Andrea Wood is an online ESL teacher from New York City with a bachelors in English. She has worked with several online and offline ESL schools, and she just published a new book Work From Home, Teach English, which is available on Amazon.
How did you get into teaching?
I first taught ESL in 1996 for Berlitz and then later for another company before I began teaching online. I’m also an actress and writer, so I’ve taught ESL here and there over the years, maybe cumulatively four years before I starting teaching online.
My experience transitioning from offline to online was slow. I was teaching in New York City and my goal was to one day be able to teach online completely. At first, I only took about six or seven classes per week online, and increased gradually online and decreased offline. I went through a period where I was working too much because I wanted to give my offline job more than enough notice. And then one day, I was free from offline. I still love that school and the people there, but this is what my heart wanted to do.
I transitioned to online teaching because I love the freedom, the energy, the time and money I save.
Do you prefer online teaching to classroom teaching, why or why not?
Yes, I prefer online because I love to spend more time with my family, and use my energy for creative projects rather than commuting to and from work, which used to take me two-and-a-half to three hours roundtrip of running up and down staircases, buses, and subways
What are some of your teaching techniques?
When I’m teaching in a classroom, I’ve got to fill up a room of eight to thirty students with my presence. I’ve got to watch all of them to make sure they are not zoning out, try to make it interesting, hoping they all are comprehending the lesson, check in with all of them, write on the board, draw pictures, pantomime, whatever it takes, and get them all to repeat, and try to help them all pronounce things correctly. Not to mention answer individual questions. When I’m teaching online, I can quietly focus more on one to six students, use illustrations and photographs instead of draw (I’m a really bad artist), and use a whiteboard that they can easily see. I can see their faces and mouths closer up, so I can help them pronounce English sounds better.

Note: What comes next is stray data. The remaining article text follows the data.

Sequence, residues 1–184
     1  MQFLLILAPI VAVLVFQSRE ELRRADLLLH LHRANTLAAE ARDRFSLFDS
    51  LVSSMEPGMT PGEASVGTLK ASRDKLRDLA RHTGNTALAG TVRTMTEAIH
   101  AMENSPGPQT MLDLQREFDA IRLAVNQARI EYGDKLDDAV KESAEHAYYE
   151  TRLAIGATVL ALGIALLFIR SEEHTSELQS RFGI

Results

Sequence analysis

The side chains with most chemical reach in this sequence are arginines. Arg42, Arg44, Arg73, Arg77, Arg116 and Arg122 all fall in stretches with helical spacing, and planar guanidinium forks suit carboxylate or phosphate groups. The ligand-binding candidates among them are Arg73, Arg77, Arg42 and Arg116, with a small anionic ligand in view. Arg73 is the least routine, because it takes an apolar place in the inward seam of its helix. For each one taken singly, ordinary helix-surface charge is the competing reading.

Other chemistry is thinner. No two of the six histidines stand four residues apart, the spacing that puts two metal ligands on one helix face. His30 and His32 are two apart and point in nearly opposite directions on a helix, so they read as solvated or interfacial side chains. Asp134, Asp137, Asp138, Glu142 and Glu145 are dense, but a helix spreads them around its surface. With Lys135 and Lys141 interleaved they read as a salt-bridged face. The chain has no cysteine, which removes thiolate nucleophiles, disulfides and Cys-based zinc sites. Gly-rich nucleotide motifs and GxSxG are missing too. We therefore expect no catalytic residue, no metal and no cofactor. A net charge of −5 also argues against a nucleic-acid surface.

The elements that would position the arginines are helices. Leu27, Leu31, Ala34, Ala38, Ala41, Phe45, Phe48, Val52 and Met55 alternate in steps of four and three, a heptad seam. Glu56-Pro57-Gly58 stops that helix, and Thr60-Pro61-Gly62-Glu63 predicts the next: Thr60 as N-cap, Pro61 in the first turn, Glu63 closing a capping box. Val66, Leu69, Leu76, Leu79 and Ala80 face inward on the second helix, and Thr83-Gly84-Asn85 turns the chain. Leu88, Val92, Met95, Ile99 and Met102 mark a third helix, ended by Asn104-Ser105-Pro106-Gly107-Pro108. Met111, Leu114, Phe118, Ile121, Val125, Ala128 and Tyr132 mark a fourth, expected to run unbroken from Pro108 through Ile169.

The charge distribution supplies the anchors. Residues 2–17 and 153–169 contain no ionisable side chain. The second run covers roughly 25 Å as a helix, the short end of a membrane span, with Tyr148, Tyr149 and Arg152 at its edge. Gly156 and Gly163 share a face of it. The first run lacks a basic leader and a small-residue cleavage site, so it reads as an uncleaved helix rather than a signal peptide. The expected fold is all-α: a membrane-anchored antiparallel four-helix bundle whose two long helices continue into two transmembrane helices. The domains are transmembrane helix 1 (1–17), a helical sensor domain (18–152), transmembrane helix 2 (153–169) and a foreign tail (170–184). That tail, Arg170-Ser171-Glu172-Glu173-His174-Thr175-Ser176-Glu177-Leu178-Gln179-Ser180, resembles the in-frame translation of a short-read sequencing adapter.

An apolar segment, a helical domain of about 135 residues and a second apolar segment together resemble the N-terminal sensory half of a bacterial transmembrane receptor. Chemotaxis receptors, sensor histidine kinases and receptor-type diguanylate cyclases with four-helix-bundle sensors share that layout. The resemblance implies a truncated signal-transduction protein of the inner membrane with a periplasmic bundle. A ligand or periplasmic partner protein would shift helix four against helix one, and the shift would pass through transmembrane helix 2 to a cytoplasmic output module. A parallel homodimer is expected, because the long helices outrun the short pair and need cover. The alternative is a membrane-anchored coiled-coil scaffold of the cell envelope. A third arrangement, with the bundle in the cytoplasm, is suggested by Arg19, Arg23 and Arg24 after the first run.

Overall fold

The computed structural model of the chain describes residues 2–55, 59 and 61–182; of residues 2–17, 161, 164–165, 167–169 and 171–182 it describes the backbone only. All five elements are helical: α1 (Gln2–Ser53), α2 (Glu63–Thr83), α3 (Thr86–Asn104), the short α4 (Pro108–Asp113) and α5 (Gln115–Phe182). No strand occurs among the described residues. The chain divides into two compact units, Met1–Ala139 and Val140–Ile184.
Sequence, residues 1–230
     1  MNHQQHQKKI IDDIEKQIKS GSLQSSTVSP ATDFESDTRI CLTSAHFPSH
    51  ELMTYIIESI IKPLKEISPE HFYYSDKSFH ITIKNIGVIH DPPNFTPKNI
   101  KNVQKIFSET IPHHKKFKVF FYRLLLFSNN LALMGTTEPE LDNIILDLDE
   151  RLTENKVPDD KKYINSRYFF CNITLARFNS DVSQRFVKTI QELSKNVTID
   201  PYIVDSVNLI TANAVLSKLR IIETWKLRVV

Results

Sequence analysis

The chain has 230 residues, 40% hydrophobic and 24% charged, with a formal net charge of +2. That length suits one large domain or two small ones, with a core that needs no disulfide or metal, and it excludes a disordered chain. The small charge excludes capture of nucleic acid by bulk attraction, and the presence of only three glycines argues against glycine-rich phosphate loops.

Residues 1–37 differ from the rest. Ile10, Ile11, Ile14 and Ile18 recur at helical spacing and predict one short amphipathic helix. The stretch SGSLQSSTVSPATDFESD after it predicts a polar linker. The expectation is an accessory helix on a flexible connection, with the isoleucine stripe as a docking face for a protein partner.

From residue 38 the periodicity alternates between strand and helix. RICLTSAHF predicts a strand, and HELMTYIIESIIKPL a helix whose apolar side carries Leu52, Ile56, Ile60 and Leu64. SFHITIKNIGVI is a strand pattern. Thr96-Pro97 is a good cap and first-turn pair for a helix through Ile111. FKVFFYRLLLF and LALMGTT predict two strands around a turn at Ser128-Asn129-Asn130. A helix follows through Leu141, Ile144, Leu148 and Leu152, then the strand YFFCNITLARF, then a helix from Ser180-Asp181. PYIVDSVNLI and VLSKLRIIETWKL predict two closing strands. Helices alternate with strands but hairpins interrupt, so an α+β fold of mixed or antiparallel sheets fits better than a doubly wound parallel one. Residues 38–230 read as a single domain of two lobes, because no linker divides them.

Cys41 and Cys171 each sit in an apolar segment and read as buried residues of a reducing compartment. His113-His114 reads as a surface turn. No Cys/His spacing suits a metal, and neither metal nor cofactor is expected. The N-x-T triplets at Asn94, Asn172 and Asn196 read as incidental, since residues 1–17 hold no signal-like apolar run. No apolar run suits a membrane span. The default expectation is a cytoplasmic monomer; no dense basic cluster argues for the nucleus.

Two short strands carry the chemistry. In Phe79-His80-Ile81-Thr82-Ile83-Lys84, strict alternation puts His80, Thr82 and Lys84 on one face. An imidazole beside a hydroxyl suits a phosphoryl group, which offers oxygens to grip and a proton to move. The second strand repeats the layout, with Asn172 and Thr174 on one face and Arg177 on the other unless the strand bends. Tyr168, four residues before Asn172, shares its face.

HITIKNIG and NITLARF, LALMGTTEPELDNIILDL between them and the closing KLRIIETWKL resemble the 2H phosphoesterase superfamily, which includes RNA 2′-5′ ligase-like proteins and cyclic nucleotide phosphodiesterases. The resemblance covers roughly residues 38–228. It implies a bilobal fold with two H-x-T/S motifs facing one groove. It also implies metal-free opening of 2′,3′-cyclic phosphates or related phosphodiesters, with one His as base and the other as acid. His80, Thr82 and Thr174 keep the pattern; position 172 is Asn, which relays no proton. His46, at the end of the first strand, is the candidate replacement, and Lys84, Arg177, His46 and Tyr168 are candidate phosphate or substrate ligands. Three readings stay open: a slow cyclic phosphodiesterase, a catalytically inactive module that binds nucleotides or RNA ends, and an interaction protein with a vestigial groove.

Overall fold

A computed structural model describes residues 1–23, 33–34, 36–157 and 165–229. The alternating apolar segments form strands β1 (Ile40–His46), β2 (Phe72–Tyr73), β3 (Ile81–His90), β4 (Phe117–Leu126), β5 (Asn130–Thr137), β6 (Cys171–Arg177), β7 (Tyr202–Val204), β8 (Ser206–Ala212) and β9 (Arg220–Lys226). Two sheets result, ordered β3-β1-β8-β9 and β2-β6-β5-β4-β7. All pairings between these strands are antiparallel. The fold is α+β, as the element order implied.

What tips would you give to people new to the field of online teaching?
Do your research before you apply to any company. Learning about the industry and about the companies will help you get hired by a company you’ll most likely be happy with.
And expect the company you work for to have rules that you didn’t anticipate. Every company I researched has at least one different rule than the others. Find out what they are and see if that works for you.
What are the pros and cons of online ESL teaching?
The cons to teaching English online are that you don’t get benefits, and most companies don’t pay you for the timeslots you opened that they haven’t filled up. Also, you have to take care of your own taxes. The pros are freedom, energy, time and money, and being able to learn about and meet people from other countries. I fell in love with China. I’m now a Mandarin student, and I’ve researched many different places in China. I would love to visit and/or teach there.
There are companies that I particularly love more than other companies, but I have friends who love companies I don’t, and dislike companies I love. I applied and interviewed for over 25 companies, and I worked for a few of them, some of them even for only one or two days. In the book, I review 23 of those companies, and I detail what I like and don’t like about the companies’ structures, policies, quality, and/or attitude, and the story of what happened when I applied, whether or not I got hired, what the interviewers were like, to give people an idea of what to expect.
Do you talk about working for online companies in your book?
Yes, in my book I dedicate a chapter on understanding the different policies and procedures in these companies. I also explain why there is such a vast variety of rules due to the mix of Chinese and North American (and sometimes Filipino) cultures. I have sections on how to prepare for the interview, important things to put on your resume, say in the interview, and do during other parts of the application process, such as the demo class and video introduction.